This new life which awaited me began with an army of emergency personnel descending into that small neighborhood where I lay on a concrete walkway.  My son’s body rested approximately thirty feet away.  I will never forget the police officer shouting to his partner who had reached me, “This one’s gone.”  Over this past year of recovery for me and my family, those three words have crept into my mind many, many times.  They seem to be a cold benediction to the life of a man who gave away so much of who he was and what he had so that others would know that they were welcomed, they were loved, and they were cared for in Bryan’s world.

          Two weeks after the shootings I was rolled out of The Medical University of South Carolina and driven back across the same bridge which Bryan and I had crossed together on that fateful morning.  It occurred to me then, that while I was the same man, there was ahead of me and my family a new way to live the life we had remaining. Most importantly, we would undertake the slow and steady work of healing internally.  It would be, as they say, “a new normal.”  While on the Ravenel bridge, I began to realize there may be many bridges to cross on this path to recovery.

          If not before, certainly after the impact of a violent tragedy, we all discover the necessity of community.  Unlike anything else, community becomes a gift God freely gives to those who open their doors to fellow sojourners on the path of life.  To know and to be known is a basic requirement for every human being who is walking before the Lord in the land of the living.  Our family’s journey through this tragic and violent event has been accompanied by hundreds and hundreds of normal people who in their friendship have given deeply of themselves to encourage, to underwrite, and to love us forward into what we can only define as newness of life.  Through those who have done this, we have seen, heard, and felt, the amazing grace of God.  Grace has so much more of a reality in my own life.  And yet, I must be honest here, I’d give anything to have Bryan back.  You would too, if it was your son or daughter.  I continue to mourn his loss and imagine that I always will.  I read in the Scriptures that God’s ways are not my ways, and within those six words I consider, as never before, the Crucifixion and Resurrection of Jesus.

          For me, entertaining the question of How Can Tragedy Be Redemptive? was born out of how Bryan lived his life as he reached out to others.  Redemption was always on the table with the God he pursued.  In the prologue of his Gospel, John introduced Jesus with two words - life and light.  With one word, darkness, he established the antithesis of life and light.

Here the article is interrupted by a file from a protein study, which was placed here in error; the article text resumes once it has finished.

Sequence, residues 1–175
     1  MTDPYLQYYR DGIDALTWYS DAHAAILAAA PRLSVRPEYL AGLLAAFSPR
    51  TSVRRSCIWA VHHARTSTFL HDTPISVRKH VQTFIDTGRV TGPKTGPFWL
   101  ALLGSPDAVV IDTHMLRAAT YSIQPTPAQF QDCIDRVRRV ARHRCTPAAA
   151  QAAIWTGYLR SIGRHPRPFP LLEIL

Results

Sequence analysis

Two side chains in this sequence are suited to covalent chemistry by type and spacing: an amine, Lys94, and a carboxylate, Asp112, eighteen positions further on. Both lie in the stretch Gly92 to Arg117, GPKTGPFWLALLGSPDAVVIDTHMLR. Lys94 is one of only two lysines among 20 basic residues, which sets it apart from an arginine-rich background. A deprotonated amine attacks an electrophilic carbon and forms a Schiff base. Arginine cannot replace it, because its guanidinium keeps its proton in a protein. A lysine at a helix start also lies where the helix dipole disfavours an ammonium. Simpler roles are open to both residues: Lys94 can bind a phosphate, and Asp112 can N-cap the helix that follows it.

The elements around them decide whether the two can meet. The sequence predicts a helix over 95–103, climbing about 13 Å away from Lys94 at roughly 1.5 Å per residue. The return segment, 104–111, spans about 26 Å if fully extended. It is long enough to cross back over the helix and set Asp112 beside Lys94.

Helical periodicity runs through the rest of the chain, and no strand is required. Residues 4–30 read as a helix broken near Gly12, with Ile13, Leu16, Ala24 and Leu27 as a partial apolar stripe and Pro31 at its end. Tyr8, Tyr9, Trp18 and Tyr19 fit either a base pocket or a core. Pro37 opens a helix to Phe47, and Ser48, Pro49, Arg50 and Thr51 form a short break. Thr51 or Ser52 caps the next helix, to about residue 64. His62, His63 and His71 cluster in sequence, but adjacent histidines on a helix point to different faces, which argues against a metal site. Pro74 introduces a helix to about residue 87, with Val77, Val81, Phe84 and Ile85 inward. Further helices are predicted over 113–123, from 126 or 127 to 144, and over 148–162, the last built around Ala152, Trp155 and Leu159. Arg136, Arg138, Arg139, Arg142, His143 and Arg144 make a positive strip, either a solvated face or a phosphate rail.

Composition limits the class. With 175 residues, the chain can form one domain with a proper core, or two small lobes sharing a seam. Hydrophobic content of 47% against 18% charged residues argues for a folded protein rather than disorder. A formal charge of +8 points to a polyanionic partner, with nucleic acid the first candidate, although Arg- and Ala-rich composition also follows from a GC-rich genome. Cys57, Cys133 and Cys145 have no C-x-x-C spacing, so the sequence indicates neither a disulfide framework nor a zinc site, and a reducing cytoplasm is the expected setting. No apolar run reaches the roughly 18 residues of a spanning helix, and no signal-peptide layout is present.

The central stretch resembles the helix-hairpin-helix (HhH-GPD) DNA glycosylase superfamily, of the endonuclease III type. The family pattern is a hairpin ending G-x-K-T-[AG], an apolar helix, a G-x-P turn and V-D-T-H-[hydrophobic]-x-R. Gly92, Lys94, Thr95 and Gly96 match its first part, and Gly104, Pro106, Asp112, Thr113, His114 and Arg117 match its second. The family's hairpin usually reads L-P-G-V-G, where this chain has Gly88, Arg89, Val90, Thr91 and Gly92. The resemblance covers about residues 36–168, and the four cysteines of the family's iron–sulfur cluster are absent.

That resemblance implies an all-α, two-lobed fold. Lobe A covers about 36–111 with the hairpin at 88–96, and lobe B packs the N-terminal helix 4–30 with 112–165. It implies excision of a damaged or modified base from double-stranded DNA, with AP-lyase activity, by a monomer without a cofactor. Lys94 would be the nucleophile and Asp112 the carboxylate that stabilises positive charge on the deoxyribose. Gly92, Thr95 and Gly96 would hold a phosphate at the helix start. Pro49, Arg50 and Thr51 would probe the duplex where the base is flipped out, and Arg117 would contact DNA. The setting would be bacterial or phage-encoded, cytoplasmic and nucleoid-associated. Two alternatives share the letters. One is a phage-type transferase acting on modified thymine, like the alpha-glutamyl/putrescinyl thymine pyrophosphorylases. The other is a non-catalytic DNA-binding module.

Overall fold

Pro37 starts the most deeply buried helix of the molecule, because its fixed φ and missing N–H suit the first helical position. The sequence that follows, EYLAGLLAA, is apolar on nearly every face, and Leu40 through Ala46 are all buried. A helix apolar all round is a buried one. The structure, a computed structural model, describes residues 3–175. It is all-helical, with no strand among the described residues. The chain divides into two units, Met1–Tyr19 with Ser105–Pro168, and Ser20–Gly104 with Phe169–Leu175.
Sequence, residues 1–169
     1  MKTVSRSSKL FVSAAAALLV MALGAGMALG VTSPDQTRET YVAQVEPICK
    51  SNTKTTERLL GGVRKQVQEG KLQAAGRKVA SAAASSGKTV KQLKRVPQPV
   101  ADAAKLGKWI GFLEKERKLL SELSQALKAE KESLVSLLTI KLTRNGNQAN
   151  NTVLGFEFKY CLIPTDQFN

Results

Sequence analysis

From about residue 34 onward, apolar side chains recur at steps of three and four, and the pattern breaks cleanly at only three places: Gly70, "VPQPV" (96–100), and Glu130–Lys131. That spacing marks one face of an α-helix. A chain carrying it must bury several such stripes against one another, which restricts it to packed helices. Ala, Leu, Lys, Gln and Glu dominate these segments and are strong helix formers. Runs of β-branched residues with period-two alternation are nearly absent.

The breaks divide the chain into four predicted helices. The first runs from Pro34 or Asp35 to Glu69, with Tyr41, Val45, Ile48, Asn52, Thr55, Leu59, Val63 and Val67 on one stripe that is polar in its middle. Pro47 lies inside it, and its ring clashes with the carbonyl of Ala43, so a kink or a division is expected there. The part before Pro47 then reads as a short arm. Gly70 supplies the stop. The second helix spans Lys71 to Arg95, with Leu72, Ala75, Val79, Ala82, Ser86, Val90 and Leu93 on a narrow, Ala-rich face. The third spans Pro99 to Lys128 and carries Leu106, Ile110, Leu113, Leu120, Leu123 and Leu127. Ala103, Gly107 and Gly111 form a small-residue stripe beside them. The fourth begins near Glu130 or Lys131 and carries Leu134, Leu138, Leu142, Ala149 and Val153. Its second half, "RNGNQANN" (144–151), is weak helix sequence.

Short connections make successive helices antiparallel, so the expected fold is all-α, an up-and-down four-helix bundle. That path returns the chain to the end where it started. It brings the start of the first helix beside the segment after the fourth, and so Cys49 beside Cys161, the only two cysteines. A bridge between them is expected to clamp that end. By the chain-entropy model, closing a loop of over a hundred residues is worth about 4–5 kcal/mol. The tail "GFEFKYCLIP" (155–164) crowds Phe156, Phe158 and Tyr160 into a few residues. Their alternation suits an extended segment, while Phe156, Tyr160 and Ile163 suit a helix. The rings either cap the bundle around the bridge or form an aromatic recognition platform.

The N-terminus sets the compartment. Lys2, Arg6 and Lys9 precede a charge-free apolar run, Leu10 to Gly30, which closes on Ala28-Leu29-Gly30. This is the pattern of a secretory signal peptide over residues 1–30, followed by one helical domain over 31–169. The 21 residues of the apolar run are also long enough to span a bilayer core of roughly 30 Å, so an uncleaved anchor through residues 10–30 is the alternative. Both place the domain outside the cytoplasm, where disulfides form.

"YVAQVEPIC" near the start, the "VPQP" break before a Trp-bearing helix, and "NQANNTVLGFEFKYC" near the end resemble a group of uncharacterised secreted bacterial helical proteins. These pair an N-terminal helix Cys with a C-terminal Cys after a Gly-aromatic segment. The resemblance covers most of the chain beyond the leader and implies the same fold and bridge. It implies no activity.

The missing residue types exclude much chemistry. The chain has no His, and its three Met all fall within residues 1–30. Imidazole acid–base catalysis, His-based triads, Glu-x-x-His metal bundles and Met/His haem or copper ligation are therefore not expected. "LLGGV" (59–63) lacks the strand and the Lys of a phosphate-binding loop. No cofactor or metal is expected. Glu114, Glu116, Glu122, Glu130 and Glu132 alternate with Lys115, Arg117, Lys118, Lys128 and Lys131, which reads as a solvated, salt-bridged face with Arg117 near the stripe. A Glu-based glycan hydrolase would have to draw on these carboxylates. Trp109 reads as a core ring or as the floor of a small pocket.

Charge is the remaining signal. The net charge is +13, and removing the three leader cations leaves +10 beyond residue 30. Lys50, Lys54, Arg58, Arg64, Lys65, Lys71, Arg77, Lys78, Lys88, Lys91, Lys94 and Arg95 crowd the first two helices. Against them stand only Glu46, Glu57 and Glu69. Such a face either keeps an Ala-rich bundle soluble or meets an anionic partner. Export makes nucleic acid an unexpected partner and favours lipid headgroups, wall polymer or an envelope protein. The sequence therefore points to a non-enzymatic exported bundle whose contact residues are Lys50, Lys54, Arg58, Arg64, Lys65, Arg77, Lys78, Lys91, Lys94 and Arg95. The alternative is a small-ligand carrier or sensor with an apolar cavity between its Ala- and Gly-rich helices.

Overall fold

In him was life, and that life was the light of men. The light shines in the darkness, and the darkness has not overcome it.  (John1:4-5)

          Austrian Victor Frankl, a Christian as well as a survivor of the Nazi death camps of WWII, wrote that “The courage to choose the light over darkness helps one transcend their suffering.”  Three days after the shootings, Dr. Barbara Boatwright, along with Charlotte Segnious, walked into the ICU unit to begin the long work of exploring and navigating how tragedy can be redeemed.  Both of these ladies, along with Life Resources, remain as instruments of the Father in bringing healing.  Their work with us has allowed us to begin again.  To see a way where we once were unable to see.  Father Richard Rohr wrote that in the Old Testament God doesn’t give the Hebrews a strategy, he gives them a promise:  I am with you!  The attending suffering and grief brought into lives exposed to violence and tragedy isn’t cured by information.  It is transformed by the presence of God though Jesus Christ being there.  Being with us, being in us, and being for us though the Holy Spirit.

          Jerry Sittser in his book - A Grace Disguised writes: “We don’t go through pain and come out on the other side; we live in the pain and find within that pain the grace to survive.”  Grace is that fascinating relational concept that was once and forever won for us through the suffering of Jesus as He poured out his life that we may have life.  There seems to be no better time to deal with the question of How Can Tragedy Be Redeemed? than during this season where we recall the Crucifixion and Resurrection, of Death that leads to Life, of the Light that Darkness cannot overcome. 

          In my study, there is a picture of Bryan and me together at an event.  I posted this statement just under the photo and read through it, repeating it every day:

          “I refuse to allow the tragedy of his death to negate the beauty of

his life and the depth of his impact on my life.”

Where, O death is your victory?

Where, O death is your sting?

I Corinthians 15:55 

As Mike and I discussed his “new normal,” he expressed something very powerful about being content with where he is and what he holds onto at this juncture in his journey:

“What I do know is what I wrote. God was there, the Holy Spirit was dispatched, life and darkness were in play, death leads to life, and life leads to light which darkness has not overcome, that grace was won for us through the suffering, death and resurrection of Jesus Christ.

That one terrible day has now begun to reveal hope in ways I could never have imagined. And that hope is drawing us back into the center of life itself.”

Mike Cooke is founding pastor of Life Community Church in Mount Pleasant. To learn more about this community of faith, go to lifecommunitychurch.cc or contact Mike at mikecookelcc@gmail.com.

Lifeline is written by the staff at Life Resources and guest writers. We are grateful for Mike’s willingness to share his testimony of God’s faithfulness and redemptive work in the midst of his own personal tragedy. To learn more about the services of Life Resources, visit www.myliferesources.org.

As seen in the April 2019 edition of The Carolina Compass.